Ignored? Annoying? Or a nice little bonus?

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Good question.

Start with:  What is the difference between "a reader" and "readers".

That's what I'm trying to get at here.  In my experience when people cite mass opinions, and you ask where they got that information and they don't tell you, or get upset, there isn't any real information.

Again, I don't downrate your opinion or attempt to argue with it.

I'm asking if anybody has any statistics or polls or anything about what readers feel about this.  A dozen people here have said that "readers don't like free chapters", but not a single one is aying where they got that information.  And I think you know that "well I'm a reader and I have have one person's opinion" doesn't ansser that.

Which wouldn't even be worth pushing for if it weren't something i see so much of.  I'm stating to question anything people say about reader tastes...and I almost never get anything to back up these statements of taste...which are really important to writers trying to figure out what to do.

I understand that you want 'hard evidence' that adding sample chapters is detrimental to ebooks.

I used to add the first chapter of Peccadillo to Reprobate (and that was after Peccadillo was finished, so there was no 'waiting period' for anyone reading the sample to read the whole book). However, there was a discussion on Kindleboards, where both authors and readers chimed in where the overwhelming majority was against adding sample chapters for the reasons I stated before: unlike a paperback, which requires a visit to an (online) bookshop to buy the sequel, an e-reader often has a built-in internet connection that allows you to visit the retailer and download a sample or the whole book in a matter of seconds, making a sample in the back of a book redundant. Furthermore, in paid books, readers expect the end of the story around the 95/100% mark, so they (might) feel cheated if the story ends at 80%, followed by 20% sample chapters and back matter.

So, you can transport a practice intended for paperback books (I rarely found sample chapters in hardcover books) to ebooks, or you can adjust to the new medium and just add some pitches and URL links to aid the reader to buy the next book in the series.

Your choice.

Me, I only add sample chapters to my free short stories, since I figure they are loss leaders intended to interest people in the main feature, my novels. I don't add them to my novels anymore, because I assume that readers who read Reprobate know where to get Peccadillo.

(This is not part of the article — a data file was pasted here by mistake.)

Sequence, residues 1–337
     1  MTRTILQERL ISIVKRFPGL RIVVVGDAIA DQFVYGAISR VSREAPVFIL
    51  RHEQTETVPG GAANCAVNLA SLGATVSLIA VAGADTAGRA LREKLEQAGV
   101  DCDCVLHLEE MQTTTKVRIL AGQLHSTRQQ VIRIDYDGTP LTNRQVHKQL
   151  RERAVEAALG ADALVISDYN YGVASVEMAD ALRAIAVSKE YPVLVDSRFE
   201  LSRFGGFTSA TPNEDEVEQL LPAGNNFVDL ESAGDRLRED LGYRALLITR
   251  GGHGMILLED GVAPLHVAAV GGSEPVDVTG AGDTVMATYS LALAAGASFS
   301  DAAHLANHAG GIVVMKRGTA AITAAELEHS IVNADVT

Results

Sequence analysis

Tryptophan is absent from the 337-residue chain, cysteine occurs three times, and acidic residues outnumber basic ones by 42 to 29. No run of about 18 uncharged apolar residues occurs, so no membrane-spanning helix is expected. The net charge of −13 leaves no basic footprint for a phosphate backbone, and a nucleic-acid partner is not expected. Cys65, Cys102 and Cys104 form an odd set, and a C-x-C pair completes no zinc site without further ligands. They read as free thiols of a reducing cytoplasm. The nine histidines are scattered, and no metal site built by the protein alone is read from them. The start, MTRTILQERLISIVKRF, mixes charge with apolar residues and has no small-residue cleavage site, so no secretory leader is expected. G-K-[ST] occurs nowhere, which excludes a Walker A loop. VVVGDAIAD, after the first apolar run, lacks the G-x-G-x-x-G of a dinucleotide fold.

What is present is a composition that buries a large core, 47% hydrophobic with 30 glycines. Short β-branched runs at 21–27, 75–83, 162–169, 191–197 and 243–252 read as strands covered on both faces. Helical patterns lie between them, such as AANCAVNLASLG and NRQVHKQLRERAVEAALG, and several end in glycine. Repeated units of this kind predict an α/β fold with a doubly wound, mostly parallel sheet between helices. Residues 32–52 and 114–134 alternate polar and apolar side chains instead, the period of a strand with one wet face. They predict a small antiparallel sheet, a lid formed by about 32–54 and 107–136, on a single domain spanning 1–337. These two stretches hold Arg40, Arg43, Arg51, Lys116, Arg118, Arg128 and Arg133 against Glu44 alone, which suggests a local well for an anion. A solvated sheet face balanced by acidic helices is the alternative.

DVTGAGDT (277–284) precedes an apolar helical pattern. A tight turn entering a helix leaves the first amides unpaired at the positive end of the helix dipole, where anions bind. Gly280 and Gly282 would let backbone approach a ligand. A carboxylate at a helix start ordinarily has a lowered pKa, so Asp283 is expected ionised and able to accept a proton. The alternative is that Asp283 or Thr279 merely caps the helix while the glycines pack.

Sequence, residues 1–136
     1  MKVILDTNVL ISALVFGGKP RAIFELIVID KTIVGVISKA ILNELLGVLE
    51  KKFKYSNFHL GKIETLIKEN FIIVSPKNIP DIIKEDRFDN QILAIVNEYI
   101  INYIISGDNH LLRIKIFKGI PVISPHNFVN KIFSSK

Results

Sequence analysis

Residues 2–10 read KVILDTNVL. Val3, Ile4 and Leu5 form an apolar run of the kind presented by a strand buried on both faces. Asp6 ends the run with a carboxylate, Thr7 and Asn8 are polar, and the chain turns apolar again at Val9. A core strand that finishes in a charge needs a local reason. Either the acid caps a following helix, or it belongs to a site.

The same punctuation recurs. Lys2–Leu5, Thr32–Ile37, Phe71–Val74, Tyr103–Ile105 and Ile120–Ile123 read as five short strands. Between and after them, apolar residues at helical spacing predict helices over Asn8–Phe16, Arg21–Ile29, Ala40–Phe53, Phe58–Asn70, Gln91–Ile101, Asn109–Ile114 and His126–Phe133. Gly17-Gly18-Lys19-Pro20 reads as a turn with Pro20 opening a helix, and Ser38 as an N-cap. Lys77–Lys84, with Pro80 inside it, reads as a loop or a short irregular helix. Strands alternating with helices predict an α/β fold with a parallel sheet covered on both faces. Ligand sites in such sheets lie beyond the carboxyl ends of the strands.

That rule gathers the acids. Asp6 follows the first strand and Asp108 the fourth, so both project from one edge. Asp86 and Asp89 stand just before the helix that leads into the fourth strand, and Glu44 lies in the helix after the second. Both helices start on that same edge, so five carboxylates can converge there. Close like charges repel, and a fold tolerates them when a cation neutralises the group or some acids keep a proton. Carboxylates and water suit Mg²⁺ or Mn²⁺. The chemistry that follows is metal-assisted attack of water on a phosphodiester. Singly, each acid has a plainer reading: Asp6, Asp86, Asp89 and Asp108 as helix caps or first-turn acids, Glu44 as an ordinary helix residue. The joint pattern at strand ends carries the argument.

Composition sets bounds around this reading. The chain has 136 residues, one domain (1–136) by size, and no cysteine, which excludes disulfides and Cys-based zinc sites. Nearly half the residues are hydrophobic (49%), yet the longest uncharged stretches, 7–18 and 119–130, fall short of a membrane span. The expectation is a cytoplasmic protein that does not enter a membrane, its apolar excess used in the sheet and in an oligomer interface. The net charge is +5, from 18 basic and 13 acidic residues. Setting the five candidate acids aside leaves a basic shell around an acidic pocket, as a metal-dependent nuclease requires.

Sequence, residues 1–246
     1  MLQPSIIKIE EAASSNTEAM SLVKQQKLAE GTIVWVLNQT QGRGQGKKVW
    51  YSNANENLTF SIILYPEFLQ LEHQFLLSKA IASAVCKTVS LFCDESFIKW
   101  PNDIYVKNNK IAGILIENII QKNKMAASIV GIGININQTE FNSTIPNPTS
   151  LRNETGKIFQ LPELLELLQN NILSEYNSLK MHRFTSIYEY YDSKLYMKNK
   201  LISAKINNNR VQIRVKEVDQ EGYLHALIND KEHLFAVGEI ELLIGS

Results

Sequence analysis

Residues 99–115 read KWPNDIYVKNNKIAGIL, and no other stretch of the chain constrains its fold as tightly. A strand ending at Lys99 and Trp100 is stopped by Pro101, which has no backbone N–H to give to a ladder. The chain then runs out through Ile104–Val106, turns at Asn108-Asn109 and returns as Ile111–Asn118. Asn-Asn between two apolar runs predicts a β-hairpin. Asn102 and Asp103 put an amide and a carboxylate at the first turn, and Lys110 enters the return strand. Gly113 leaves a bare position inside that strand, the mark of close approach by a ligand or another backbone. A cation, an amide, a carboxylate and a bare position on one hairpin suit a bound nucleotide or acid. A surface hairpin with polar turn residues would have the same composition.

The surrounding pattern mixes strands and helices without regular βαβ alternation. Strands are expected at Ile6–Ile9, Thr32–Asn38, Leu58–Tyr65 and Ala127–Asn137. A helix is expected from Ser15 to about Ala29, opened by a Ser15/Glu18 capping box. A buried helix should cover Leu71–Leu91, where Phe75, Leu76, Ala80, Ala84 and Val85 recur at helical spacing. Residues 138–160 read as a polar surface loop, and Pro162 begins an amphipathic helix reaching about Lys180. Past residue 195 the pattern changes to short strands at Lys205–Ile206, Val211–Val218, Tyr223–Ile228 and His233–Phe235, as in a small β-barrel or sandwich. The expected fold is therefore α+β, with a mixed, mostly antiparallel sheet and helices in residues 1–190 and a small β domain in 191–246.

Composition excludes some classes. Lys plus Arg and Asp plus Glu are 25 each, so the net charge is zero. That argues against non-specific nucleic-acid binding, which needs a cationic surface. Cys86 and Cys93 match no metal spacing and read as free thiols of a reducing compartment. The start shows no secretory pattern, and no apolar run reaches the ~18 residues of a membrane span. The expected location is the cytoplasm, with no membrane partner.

I'll leave it at that, if you don't mind, because I'd rather put my energy towards writing my books than convincing you about changing business practices.

I think you can find more opinions by googling 'sample chapter in e-books'.

I think most of us pick up such feedback from comments on reader sites. I've seen a few (fewer than 10, I think), but I'm not often on such sites.

Like the politicians say, the real "poll" is whoever gets elected. Why bother with polls? People lie to pollsters. The best poll is ... book sales.

For that matter, Lin, why worry about what other people say? Do your thing. If I worried about what other people were saying, I'd've never made it too .... well, 39 and counting ... :)


Just saw your "Natalie's Revenge" on Book Bub!    Cool!

Free today!

So grab a copy and write a review ... :)   Ya might like it, NYC strip clubs, a call girl in Paris, and back to New Orleans with a gun.

Strippers and guns... my kind of scenario.

Knew you'd like it. No tequila tho ...

I'll stipulate on the Tequila

Can't wait to take a look

I'm getting increasingly dubious about readers. A couple have left utterly nonsensical 1-star reviews for me. I have some very thoughtful reviews also, so should probably disregard the idiots, but those review averages affect sales.

In any case, I will not add samples in the future and have never added more than a few pages. I will also not do other stuff to please customers or promote heavily or listen to their complaints. I have accepted that my books appeal to a small group of readers, and they will buy them faithfully. My objective is to write more books and stop worrying about promotion.


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